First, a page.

M. L. COLEMAN
The record of the life of M. L. Coleman shows that he is a native of Michigan, a son of William H. and Lucretia
Coleman and born in the city of Battle Creek, August 8, 1840. Primarily educated in the grammar school of that
city, he later attended the high school and eventually became a student in the Kalamazoo Business College, from
which he was graduated in 1861. Returning to his native city on the conclusion of his commercial course he made
a brief sojourn there and then settled at Lansing, Mich., where he secured employment with Joseph Mills. For eight
years he was connected with the Second National Bank as a general utility man. Upon resigning from that institution
he became a leading factor in the organization of the Lansing National Bank, of which he acted as general manager.
The concern enjoyed excellent, growth and continued to conduct a profitable business until the charter expired
in 1895, when the business was discontinued.
Seeking a home in a more genial climate than Michigan can boast, Mr. Coleman came to Southern California after
he had closed out his banking interests in 1895. A tour of inspection led him to locate at Riverside and here he
bought twelve acres of unimproved land, which he planted in orange trees. Since the grove came into bearing it
has returned large dividends, not only upon the original investment, but also upon the present valuation. Subsequent
purchase has increased the holdings of Mr. Coleman, who now owns thirty acres, all under cultivation to oranges.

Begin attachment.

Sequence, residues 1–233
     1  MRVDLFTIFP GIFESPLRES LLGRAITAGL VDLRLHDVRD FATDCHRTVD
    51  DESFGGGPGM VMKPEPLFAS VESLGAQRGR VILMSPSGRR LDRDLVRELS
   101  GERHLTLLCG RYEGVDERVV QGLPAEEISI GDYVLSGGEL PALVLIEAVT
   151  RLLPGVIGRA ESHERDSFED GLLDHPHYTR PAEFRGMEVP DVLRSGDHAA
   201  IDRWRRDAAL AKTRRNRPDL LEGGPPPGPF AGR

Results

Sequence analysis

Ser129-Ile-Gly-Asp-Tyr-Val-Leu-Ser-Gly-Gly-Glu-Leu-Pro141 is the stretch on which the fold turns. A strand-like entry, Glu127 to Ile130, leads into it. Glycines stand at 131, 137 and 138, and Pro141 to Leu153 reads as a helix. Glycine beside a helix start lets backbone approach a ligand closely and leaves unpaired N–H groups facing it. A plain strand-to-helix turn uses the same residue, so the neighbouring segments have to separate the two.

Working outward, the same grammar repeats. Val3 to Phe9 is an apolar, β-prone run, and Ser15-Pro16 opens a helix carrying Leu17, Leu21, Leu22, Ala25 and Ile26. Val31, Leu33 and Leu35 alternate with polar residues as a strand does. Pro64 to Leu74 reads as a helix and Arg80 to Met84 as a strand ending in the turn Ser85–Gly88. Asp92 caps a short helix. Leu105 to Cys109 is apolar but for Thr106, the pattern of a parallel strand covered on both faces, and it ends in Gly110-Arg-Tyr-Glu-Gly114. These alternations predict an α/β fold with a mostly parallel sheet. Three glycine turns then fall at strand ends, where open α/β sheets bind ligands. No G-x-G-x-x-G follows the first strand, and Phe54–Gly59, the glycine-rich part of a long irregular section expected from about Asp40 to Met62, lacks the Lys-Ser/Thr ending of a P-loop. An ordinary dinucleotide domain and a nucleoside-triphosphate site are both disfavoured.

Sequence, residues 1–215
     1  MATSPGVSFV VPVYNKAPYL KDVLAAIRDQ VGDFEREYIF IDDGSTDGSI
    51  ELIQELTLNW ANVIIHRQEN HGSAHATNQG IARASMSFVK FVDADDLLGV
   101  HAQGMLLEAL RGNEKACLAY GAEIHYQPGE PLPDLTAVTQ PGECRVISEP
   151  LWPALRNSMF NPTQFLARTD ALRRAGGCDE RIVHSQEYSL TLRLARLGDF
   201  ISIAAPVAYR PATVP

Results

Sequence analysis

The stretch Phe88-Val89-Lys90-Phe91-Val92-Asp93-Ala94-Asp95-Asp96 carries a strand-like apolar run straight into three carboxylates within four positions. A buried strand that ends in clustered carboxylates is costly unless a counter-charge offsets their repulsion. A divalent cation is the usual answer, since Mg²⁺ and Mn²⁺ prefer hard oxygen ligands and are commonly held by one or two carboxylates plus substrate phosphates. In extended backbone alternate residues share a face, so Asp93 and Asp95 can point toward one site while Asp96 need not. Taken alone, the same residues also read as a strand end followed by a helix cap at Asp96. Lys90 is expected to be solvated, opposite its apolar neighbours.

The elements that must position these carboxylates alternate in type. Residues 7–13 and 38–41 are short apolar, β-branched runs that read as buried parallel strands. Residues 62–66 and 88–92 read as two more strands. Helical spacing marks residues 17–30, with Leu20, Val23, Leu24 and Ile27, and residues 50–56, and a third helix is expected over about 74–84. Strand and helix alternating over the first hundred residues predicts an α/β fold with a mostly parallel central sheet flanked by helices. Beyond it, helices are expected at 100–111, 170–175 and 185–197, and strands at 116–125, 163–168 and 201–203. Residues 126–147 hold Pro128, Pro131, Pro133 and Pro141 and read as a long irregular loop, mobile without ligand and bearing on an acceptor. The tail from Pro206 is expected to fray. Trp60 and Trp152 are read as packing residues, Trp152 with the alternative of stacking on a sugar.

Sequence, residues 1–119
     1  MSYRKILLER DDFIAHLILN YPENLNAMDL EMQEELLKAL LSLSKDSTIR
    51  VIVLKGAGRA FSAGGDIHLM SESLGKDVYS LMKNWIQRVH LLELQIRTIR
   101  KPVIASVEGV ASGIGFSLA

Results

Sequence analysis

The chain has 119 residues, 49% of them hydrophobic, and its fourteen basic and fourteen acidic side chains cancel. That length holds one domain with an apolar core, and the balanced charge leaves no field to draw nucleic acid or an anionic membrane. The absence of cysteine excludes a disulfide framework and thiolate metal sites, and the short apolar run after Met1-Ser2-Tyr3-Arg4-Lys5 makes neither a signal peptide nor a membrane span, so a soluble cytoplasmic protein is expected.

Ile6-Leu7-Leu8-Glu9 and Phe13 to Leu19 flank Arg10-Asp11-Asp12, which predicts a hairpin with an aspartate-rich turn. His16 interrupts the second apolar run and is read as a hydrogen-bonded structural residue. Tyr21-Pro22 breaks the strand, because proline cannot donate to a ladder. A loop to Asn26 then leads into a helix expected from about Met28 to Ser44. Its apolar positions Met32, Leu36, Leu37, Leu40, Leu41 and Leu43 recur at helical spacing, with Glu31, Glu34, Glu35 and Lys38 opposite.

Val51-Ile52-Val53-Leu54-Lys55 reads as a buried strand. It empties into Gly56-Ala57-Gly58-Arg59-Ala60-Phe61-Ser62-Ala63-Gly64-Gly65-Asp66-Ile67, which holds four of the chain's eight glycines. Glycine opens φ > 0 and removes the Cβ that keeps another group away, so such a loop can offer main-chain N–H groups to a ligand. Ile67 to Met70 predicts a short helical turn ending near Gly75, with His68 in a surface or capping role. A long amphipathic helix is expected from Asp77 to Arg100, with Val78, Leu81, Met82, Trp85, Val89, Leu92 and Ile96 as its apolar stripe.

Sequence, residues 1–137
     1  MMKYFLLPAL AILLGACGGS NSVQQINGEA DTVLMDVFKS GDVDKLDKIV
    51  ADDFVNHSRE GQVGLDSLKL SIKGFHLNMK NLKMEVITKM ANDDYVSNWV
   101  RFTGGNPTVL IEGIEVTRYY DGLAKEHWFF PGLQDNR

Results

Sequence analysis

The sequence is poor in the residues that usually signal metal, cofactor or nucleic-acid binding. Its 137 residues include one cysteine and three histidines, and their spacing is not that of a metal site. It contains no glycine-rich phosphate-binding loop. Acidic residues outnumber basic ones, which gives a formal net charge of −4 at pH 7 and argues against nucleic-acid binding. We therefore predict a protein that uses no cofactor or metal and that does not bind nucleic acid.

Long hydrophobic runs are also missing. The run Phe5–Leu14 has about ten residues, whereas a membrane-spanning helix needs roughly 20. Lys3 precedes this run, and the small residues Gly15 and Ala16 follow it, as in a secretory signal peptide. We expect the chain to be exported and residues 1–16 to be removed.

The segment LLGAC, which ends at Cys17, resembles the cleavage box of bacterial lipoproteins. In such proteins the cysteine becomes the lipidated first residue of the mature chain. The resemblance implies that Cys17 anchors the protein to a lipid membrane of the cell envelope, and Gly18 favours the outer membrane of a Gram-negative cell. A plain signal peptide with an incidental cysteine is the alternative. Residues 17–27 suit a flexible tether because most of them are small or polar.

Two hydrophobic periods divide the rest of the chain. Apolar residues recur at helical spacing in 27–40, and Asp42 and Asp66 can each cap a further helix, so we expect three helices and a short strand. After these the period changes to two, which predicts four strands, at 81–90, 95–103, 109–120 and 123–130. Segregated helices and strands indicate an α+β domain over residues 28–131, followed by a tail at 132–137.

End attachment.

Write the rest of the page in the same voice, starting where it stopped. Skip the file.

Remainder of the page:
The large and valuable estate represents the results of his own unaided and judicious labors and proves him to
be a man of thrift, discriminating wisely in all business matters and superintending his enterprises with an nnfailing
energy. Surrounded by an estate artistically attractive and financially remunerative, blessed with the admiration
of a younger generation and the warm friendship of associates of his own age, he is tranquilly passing the twilight
of his useful existence. Diversified activities fill his mind. Aside from the care of the property, he has outside
interest's, notably the work of the Congregational Church, to which he is a generous contributor. In a lesser degree
he maintains an interest in politics, but his partisan associations extend no further than the voting of a Republican
ticket at all general elections. While living in Battle Creek, in May of 1865, be married Miss Mary Sutton, of
that city. They are the parents of four children, of whom the eldest, William T., is engaged in the hotel business
at Greenville, Mercer county, Pa. The younger son, Frank E., is interested with his father in the growing of oranges.
The daughters are Mrs. Frank O. Atkins, of Los Angeles, and Miss Nina L., who remains with her parents to brighten
their declining days with her intelligent and helpful companionship.
History of Riverside County, California
With a Biographical Review
History by Elmer Wallace Holmes
And other well known writers
Historic Record Company
Los Angeles, California 1912
Riverside County, CA
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